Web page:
ABU DHABI // Thorsten Fink knows the question is coming. The German midfielder had come on as a late substitute for Bayern Munich in their 1999 Uefa Champions League final against Manchester United.
It was his unsuccessful clearance from a corner that allowed the ball to land at the feet of Ryan Giggs, whose shot was turned in by Teddy Sheringham in the 91st minute for United to claim an equaliser. And, well, we know the rest, don't we?
Seconds later Ole Gunnar Solskjær scored a second for United as they won 2-1. "Yes, you saw everything," he said. "In my career it was the lowest point. But it was good for our team, because that is the team we developed.
"We had greater team spirit after that and everybody was determined that we win the Champions League. You must learn from it, to handle the situation. This is football, only sport and for me it made me harder."
To reduce Fink's career to just that moment is gross injustice of course. That was but one low in an accomplished playing career for Germany's biggest club (four league titles as well as a Champions League medal, eventually), and now in a low-key but gradually developing coaching career.
He is in his second season as the coach at Hamburg, one of Germany's oldest, best-known and supported clubs (the only team not to have been relegated ever in the Bundesliga since this format began in 1963).
Tenth going into the winter break, the club are training in Abu Dhabi, along with a number of other Bundesliga sides.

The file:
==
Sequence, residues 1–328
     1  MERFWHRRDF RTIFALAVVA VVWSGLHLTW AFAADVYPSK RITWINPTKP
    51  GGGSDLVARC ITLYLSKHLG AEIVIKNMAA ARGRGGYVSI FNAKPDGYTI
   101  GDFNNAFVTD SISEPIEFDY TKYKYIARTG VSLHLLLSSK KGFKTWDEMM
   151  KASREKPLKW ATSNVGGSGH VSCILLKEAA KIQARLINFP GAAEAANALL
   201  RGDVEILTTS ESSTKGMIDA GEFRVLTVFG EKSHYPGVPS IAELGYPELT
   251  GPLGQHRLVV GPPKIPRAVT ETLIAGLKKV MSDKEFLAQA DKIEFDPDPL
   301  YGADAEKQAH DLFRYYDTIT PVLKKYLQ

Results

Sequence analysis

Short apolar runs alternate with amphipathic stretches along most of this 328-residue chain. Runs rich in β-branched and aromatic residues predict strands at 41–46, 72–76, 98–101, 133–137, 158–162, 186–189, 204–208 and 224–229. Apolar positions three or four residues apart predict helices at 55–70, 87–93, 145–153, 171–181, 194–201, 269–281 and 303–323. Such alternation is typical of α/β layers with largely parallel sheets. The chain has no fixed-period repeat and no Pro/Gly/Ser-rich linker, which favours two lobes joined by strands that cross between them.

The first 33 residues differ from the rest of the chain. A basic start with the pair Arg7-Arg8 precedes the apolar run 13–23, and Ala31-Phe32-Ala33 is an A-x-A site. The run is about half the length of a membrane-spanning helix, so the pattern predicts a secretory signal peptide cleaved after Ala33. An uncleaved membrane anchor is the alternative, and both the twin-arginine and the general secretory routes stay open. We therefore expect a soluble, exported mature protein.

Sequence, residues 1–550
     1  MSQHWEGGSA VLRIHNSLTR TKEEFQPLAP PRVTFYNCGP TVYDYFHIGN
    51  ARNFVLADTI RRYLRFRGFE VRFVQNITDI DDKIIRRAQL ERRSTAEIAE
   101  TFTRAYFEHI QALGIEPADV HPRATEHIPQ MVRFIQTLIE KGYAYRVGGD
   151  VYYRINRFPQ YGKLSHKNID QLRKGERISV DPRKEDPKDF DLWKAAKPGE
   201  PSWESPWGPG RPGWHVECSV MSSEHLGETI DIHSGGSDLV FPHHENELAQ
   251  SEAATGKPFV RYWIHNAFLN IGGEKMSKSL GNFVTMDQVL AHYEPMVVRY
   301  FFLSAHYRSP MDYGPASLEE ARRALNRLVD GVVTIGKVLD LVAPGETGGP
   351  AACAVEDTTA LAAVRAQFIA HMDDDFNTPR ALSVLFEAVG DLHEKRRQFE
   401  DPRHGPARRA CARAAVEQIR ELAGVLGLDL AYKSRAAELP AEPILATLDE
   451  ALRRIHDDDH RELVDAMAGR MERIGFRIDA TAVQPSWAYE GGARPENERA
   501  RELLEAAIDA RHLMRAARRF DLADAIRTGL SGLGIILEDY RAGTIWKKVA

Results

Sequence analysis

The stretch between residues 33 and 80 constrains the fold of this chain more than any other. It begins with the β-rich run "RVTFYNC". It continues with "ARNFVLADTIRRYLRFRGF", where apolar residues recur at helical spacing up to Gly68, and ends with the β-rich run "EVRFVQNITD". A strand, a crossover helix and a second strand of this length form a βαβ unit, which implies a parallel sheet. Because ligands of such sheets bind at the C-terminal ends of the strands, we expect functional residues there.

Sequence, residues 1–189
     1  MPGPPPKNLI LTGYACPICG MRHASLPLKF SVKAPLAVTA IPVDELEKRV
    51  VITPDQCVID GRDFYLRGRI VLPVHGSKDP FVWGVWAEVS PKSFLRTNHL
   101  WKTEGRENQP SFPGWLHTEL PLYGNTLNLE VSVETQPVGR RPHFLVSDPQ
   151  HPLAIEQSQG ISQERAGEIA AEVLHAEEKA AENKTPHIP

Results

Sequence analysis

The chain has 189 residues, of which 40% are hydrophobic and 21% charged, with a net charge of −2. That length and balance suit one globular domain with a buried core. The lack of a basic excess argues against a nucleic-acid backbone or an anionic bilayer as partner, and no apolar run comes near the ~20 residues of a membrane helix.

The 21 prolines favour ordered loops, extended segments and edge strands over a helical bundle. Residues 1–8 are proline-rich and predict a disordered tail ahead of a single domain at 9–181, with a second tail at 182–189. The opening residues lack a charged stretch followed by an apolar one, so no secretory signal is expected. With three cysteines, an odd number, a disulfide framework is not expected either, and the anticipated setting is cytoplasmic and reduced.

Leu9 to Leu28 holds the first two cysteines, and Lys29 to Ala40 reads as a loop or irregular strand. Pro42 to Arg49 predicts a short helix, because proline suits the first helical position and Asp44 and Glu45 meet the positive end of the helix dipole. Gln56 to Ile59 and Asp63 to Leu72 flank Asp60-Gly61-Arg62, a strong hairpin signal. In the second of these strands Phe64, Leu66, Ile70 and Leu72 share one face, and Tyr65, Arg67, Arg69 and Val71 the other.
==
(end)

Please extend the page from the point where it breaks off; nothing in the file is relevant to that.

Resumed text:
Fink is the 11th coach in the last 10 inconsistent years and given that most of them have lasted about a year or less, he is pretty pleased to have been there nearly 15 months now.
"One and a half years now which isn't bad, because before coaches were not here for very long. I am the world record holder!
"But now I can develop things there, not only players but administration, with president, manager, everybody. Everybody wants to go to next step, but we need time. Everything that goes up so fast, goes down fast also. We want to have gradual, steady growth."
Fink first came to prominence as the coach of Switzerland's Basel, where he won the league title twice and led the club to the Champions League (their shock win over Manchester United in December 2011 came two months after he had left though).
But the Bundesliga, with a big, old club, is where he has wanted to be. In his first season Hamburg began spiritedly, before fading sharply in the second half.
"For me last year was very difficult. Before I had a team who played in the Champions League and were number one in Swiss League. So for me this was different, from going to a top team, Champions League two years in a row, for me it's difficult.
"But I'm not a coach who rests on his laurels. I want more. The Bundesliga is very important and it's difficult and hard. You must play 90 minutes at full speed. If you play 90 per cent of what you can, its not enough so I love to be here."
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